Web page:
United States District Court, N.D. Alabama, Southern Division
MICHAEL PUTNAM, UNITED STATES MAGISTRATE JUDGE.
an age discrimination case. Pending before the court is the
Defendant Federal Express Corporation's Motion for
Summary Judgment. (Doc. 30). The defendant seeks dismissal of
the plaintiff's claim of alleged age discrimination under
the Age Discrimination in Employment Act
(“ADEA”), 29 U.S.C. §§ 621, et
seq. The motion has been fully briefed, and the parties
have consented to dispositive jurisdiction by a United States
Magistrate Judge in accordance with 28 U.S.C. § 636(c).
SUMMARY JUDGMENT STANDARD
Federal Rule of Civil Procedure 56(a), summary judgment is
proper “if the movant shows that there is no genuine
dispute as to any material fact and the movant is entitled to
judgment as a matter of law.” Fed.R.Civ.P. 56(a). The
party asking for summary judgment “always bears the
initial responsibility of informing the district court of the
basis for its motion, and identifying those portions of
‘the pleadings, depositions, answers to
interrogatories, and admissions on file, together with the
affidavits, if any' which it believes demonstrate the
absence of a genuine issue of material fact.”
Celotex Corp. v. Catrett, 477 U.S. 317, 323 (1986)
(quoting former Fed.R.Civ.P. 56(c)). The movant can meet this
burden by presenting evidence showing there is no dispute of
material fact or by showing that the nonmoving party has
failed to present evidence in support of some element of its
case on which it bears the ultimate burden of proof.
Celotex, 477 U.S. at 322-23. There is no
requirement, however, “that the moving party support
its motion with affidavits or other similar materials
negating the opponent's claim.”
Id. at 323.
the moving party has met its burden, Rule 56 “requires
the nonmoving party to go beyond the pleadings and by her own
affidavits, or by the ‘depositions, answers to
interrogatories, and admissions of file, ' designate
‘specific facts showing that there is a genuine issue
for trial.'” Id. at 324 (quoting former
Fed.R.Civ.P. 56(e)). The nonmoving party need not present
evidence in a form necessary for admission at trial; however,
he may not merely rest on his pleadings. Celotex,
477 U.S. at 324. “[T]he plain language of Rule 56(c)
mandates the entry of summary judgment, after adequate time
for discovery and upon motion, against a party who fails to
make a showing sufficient to establish the existence of an
element essential to that party's case, and on which that
party will bear the burden of proof at trial.”
Id. at 322.
the plaintiff has properly responded to a proper motion for
summary judgment, the court “shall” grant the
motion if there is no genuine issue of material fact, and the
moving party is entitled to judgment as a matter of law.
Fed.R.Civ.P. 56(a). The substantive law will identify which
facts are material and which are irrelevant. Anderson v.
Liberty Lobby, Inc., 477 U.S. 242, 248 (1986). A dispute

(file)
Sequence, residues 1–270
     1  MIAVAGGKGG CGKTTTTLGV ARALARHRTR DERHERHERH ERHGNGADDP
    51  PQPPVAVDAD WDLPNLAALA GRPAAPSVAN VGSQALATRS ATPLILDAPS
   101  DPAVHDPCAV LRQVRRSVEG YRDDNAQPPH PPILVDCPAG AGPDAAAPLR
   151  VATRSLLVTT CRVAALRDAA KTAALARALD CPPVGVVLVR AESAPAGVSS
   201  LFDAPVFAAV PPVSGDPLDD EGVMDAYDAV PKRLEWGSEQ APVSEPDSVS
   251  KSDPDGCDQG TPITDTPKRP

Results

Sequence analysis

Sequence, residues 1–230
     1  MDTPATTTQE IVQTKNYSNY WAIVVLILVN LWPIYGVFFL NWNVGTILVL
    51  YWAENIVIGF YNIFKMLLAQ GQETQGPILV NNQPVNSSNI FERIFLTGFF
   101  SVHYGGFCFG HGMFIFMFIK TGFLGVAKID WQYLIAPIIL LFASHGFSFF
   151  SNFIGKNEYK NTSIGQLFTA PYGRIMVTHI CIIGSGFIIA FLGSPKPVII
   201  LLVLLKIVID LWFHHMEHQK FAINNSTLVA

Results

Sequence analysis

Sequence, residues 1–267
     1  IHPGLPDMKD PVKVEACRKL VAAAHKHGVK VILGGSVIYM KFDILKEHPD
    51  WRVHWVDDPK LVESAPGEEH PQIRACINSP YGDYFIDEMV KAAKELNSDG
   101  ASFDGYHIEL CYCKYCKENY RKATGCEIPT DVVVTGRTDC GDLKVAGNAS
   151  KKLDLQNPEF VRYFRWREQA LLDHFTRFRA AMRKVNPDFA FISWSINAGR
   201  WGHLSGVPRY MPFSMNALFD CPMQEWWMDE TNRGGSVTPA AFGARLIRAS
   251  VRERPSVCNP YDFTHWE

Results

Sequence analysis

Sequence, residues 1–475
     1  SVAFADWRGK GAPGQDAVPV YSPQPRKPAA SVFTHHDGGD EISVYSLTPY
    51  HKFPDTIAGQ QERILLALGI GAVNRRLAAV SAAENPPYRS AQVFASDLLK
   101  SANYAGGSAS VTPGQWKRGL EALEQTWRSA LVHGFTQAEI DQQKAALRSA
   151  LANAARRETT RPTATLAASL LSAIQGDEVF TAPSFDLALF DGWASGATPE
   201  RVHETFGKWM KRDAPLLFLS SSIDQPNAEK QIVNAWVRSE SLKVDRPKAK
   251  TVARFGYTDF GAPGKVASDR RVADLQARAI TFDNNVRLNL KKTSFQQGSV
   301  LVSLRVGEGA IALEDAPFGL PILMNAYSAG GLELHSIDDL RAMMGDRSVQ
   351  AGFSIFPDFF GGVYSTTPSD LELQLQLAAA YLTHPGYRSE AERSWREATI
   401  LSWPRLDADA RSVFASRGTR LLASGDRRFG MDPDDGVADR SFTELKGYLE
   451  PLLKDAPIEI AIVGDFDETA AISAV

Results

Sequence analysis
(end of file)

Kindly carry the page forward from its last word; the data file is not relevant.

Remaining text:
is genuine “if the evidence is such that a reasonable
jury could return a verdict for the nonmoving party.”
Id. at 248. “[T]he judge's function is not
himself to weigh the evidence and determine the truth of the
matter but to determine whether there is a genuine issue for
trial.” Id. at 249. His guide is the same
standard necessary to direct a verdict: “whether the
evidence presents a sufficient disagreement to require
submission to a jury or whether it is so one-sided that one
party must prevail as a matter of law.” Id. at
251-52; see also Bill Johnson's Restaurants, Inc. v.
N.L.R.B., 461 U.S. 731, 745 n. 11 (1983).
the nonmoving party “must do more than simply show that
there is some metaphysical doubt as to the material
facts.” Matsushita Elec. Indus. Co., Ltd. v. Zenith
Radio Corp., 475 U.S. 574, 586 (1986). The evidence
supporting a claim must be “substantial, ”
Marcus v. St. Paul Fire and Marine Ins. Co., 651
F.2d 379 (5th Cir., Unit B, 1981); a mere scintilla of
evidence is not enough to create a genuine issue of fact.
Young v. City of Palm Bay, 358 F.3d 859, 860 (11th
Cir. 2004); Kesinger ex rel. Estate of Kesinger v.
Herrington, 381 F.3d 1243, 1249-50 (11th Cir. 2004). If
the evidence is merely colorable, or is not significantly
probative, summary judgment may be granted.
Anderson, 477 U.S. at 249 (citations omitted);
accord Spence v. Zimmerman, 873 F.2d 256 (11th Cir.
1989). Furthermore, the court must “view the evidence
presented through the prism of the substantive evidentiary
burden, ” so there must be sufficient evidence on which
the jury could reasonably find for the plaintiff.
Anderson, 477 U.S. at 254; Cottle v. Storer
Communications, Inc., 849 F.2d 570, 575 (11th Cir.
1988). Nevertheless, credibility determinations, the weighing
of evidence, and the drawing of inferences from the facts are
the function of the jury, and therefore the evidence of the
non-movant is to be believed and all justifiable inferences
are to be drawn in his favor. Anderson, 477 U.S. at
255. The non-movant need not be given the benefit of every
inference but only of every reasonable inference. Brown
v. City of Clewiston, 848 F.2d 1534, 1540 n. 12 (11th
purposes of summary judgment, the courts are directed to view
the facts in the light most favorable to the non-moving
party. Accordingly, the following facts relevant to the
instant Motion for Summary Judgment are either undisputed or
taken in the light most favorable to the non-moving
was born on October 10, 1962. (Doc. 33-1, p. 56:3-4). In
1987, he began his employment with FedEx, working as a
courier, which required him to load trucks and deliver